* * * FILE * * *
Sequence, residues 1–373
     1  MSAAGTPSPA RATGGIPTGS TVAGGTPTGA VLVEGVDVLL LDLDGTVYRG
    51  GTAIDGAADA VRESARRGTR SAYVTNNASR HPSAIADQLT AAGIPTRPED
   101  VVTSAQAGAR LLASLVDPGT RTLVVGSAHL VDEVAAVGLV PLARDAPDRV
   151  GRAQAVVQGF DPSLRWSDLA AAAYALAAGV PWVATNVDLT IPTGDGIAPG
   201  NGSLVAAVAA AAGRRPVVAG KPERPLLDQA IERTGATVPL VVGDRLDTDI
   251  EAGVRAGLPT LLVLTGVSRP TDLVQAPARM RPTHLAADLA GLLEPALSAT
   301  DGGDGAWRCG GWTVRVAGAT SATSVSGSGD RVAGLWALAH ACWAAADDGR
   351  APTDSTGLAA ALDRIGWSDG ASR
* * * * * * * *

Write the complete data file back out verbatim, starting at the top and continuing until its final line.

Sequence, residues 1–373
     1  MSAAGTPSPA RATGGIPTGS TVAGGTPTGA VLVEGVDVLL LDLDGTVYRG
    51  GTAIDGAADA VRESARRGTR SAYVTNNASR HPSAIADQLT AAGIPTRPED
   101  VVTSAQAGAR LLASLVDPGT RTLVVGSAHL VDEVAAVGLV PLARDAPDRV
   151  GRAQAVVQGF DPSLRWSDLA AAAYALAAGV PWVATNVDLT IPTGDGIAPG
   201  NGSLVAAVAA AAGRRPVVAG KPERPLLDQA IERTGATVPL VVGDRLDTDI
   251  EAGVRAGLPT LLVLTGVSRP TDLVQAPARM RPTHLAADLA GLLEPALSAT
   301  DGGDGAWRCG GWTVRVAGAT SATSVSGSGD RVAGLWALAH ACWAAADDGR
   351  APTDSTGLAA ALDRIGWSDG ASR